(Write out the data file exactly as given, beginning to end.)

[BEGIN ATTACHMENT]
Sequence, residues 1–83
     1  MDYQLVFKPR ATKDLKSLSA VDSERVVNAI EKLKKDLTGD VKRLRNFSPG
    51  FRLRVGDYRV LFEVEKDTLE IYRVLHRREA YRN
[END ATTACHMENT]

Sequence, residues 1–83
     1  MDYQLVFKPR ATKDLKSLSA VDSERVVNAI EKLKKDLTGD VKRLRNFSPG
    51  FRLRVGDYRV LFEVEKDTLE IYRVLHRREA YRN